BPQ32 Example ARDOP port

Example for a Ardop port

 

BPQ32 Example Winmor port

Example for a Winmor port

 

BPQ32 Example AXIP port

Example for a AXIP port

 

BPQ32 Example Telnet port

Example for a Telnet port

 

BPQ32 Example Direwolf port

Example for a Direwolf port

 

BPQ32 Example Kiss Tracker port

Example for a Kiss Tracker Port

 

BPQ32 Example Kiss Port

Example for a Kiss port

 

Watchdog

I use watchdog to monitor my RPI. Do services go offline or the RPI is not responding, watchdog kicks in and restart the system. Now I also want watchdog to watch my Linbpq. This is possible with watchdog, watchdog looks at a PID file. As far as I know, no PID file is created when starting Linbpq.

Now there is a possibility that when starting Linbpq with systemd a command can be given so that a PID file is created.

This is my linbpq.service file from systemd

This command creates a linbpq.pid file, now it is possible that watchdog monitors linbpq.

At the end of my watchdog configuration file (/etc/watchdog.conf) I have added the following line.

Take a look at what happens when you stop Linbpq.

Yes the system is ReBoOtInG (I hoop)

Xfbb interface with Linbpq

In bpq32.cfg add

TNCPORT
COMPORT=/home/pi/fbbded
TYPE=DED
STREAMS=1
APPLMASK=4
ENDPORT

This creates a DED Host mode TNC on device /home/pi/fbbded, accessible from the LinBPQ Node as Application 3. Change APPLMASK and APPLICATION line if you already use APPL 3

APPLICATION 3,FBB,,PI1LAP,LINBBS,255

This allows uses to connect to FBB. You can add the usual Call, Alias and Quality if you want to be able to access FBB directly instead of via the Node.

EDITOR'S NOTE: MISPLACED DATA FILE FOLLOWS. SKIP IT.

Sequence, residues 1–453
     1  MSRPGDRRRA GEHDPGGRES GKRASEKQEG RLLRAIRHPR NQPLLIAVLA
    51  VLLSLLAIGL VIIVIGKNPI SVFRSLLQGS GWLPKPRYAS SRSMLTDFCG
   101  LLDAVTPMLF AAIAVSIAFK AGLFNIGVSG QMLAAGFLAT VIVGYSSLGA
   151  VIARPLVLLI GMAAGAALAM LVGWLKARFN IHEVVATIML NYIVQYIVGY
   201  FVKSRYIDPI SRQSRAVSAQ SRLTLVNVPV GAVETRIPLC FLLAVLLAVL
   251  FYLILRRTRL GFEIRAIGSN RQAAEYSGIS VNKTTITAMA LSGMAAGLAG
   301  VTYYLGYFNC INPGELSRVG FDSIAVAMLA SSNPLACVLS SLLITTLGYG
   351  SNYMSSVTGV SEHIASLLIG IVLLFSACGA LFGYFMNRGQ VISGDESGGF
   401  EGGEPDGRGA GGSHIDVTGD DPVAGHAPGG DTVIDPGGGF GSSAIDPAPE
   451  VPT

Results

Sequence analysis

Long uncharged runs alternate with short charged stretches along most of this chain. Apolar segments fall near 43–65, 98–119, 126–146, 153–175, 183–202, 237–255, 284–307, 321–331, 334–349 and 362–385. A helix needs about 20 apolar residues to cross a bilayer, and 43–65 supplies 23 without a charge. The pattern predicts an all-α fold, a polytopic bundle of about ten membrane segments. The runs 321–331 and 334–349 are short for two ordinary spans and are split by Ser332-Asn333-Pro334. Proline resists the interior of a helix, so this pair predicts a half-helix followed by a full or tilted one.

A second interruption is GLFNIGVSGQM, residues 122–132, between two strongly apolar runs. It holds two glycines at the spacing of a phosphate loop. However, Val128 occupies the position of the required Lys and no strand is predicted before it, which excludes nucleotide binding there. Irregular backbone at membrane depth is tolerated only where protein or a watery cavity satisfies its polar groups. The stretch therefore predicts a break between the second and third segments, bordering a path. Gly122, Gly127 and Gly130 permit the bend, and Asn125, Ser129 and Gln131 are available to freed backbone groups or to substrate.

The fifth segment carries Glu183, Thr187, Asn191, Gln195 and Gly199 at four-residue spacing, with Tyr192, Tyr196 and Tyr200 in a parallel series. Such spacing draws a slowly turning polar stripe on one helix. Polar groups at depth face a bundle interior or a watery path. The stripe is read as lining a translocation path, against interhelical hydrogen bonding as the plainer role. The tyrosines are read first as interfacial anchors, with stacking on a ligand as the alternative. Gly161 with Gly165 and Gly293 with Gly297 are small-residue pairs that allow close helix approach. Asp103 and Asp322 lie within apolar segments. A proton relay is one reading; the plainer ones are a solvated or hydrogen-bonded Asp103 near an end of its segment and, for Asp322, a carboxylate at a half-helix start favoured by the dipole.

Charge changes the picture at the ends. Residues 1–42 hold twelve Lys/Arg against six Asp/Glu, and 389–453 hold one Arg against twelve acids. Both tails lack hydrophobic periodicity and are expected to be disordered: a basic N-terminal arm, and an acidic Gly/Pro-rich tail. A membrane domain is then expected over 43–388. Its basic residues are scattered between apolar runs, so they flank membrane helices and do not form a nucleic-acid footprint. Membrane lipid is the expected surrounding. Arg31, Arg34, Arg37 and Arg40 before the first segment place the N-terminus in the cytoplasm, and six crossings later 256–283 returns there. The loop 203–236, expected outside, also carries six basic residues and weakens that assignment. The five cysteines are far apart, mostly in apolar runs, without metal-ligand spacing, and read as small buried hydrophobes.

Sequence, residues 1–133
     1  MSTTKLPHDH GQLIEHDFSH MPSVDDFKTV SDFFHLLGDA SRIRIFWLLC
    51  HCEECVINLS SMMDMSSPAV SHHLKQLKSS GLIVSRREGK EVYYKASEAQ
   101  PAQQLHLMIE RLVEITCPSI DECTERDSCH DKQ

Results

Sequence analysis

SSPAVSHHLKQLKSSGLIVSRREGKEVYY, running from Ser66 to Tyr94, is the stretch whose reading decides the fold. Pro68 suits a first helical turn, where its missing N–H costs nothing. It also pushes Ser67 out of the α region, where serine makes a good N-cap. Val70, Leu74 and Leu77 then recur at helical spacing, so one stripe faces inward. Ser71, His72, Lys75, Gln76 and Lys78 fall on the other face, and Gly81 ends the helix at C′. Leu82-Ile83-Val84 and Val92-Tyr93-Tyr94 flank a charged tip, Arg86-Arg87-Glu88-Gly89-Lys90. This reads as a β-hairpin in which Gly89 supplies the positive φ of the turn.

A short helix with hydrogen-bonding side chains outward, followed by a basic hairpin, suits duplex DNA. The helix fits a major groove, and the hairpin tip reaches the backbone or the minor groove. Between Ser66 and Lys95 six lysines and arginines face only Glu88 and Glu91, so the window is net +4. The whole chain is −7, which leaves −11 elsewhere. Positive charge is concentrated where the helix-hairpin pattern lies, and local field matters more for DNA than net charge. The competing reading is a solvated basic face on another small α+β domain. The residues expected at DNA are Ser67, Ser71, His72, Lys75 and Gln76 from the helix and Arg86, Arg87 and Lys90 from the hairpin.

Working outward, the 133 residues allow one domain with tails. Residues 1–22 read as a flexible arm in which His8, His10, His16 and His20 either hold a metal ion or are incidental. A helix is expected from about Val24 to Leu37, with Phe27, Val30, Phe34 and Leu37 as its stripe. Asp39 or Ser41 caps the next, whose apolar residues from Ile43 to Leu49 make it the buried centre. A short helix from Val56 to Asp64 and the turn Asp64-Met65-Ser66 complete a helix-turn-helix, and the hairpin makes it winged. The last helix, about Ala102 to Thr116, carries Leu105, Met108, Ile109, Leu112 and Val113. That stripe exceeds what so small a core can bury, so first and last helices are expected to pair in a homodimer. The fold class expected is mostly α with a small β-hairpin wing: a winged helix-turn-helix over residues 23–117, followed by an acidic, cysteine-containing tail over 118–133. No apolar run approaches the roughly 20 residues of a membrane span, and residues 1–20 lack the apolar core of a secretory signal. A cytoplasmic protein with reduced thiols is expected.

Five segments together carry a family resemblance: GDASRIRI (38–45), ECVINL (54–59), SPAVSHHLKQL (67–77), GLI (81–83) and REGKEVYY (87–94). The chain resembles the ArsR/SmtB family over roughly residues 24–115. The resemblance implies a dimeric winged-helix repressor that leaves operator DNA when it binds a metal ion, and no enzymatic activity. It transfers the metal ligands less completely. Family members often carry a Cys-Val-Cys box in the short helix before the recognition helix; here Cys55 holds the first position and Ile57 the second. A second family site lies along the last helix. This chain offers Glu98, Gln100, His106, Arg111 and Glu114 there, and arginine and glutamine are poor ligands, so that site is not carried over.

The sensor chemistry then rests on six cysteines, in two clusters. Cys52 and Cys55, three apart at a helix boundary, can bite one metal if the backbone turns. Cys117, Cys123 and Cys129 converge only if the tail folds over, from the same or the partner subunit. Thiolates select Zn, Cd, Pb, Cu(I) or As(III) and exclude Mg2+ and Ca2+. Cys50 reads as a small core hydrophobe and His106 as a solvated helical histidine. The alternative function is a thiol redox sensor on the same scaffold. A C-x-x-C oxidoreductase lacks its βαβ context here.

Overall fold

Change APPLMASK and APPLICATION line if you already use APPL 3

In /usr/local/etc/ax25/fbb/port.sys#

# FBB7.0.8-beta8
#
#Ports TNCs
1 1
#
#Com Interface Adress (Hex) Baud
1 9 /home/pi/fbbded 9600
#
#TNC NbCh Com MultCh Pacln Maxfr NbFwd MxBloc M/P-Fwd Mode Freq 0 0 0 0 0 0 0 0 00/01 —- File-fwd.
1 6 1 1 250 2 1 10 00/15 DUWYL 145
#
# End of file.
#

This tells fbb to use /home/pi/fbbded as a DED Mode TNC.

Installing Direwolf and LinBPQ on Raspian Stretch

Jeff KP3FT has written a nice document about the installation of Direwolf and Linbpq on a Raspberry with raspbian Stretch. Download the complet document here.

Dire Wolf

Installing Direwolf and linBPQ on a new Raspian Stretch installation.  It’s a combination from various websites and documentation, condensed down into a straightforward walkthrough.  This doesn’t include configuration of most BPQ settings, only enough to get it to use Direwolf as a modem.

Older Raspian versions like Jessie may require Pulse Audio removed first, prior to installing Direwolf.  Raspian Stretch by default does not have Pulse Audio installed.  My Raspian config settings have SSH and VNC enabled.

First:

After it restarts, install libasound:

Optionally install the following if you want to enable Direwolf to use the GPIO pin on certain USB sound devices for PTT:

Then install Direwolf (as of this writing, version 1.5 is the latest):

Plug your USB sound device(s) into the RPi, open a terminal, and run the following to verify the system sees the USB sound device(s).

If the Raspberry pi’s onboard audio is enabled, it will show up as Card 0, Device 0.  The USB sound device should show up as Card 1, Device 0.  A second USB sound device will show up as Card 2, Device 0, and so on.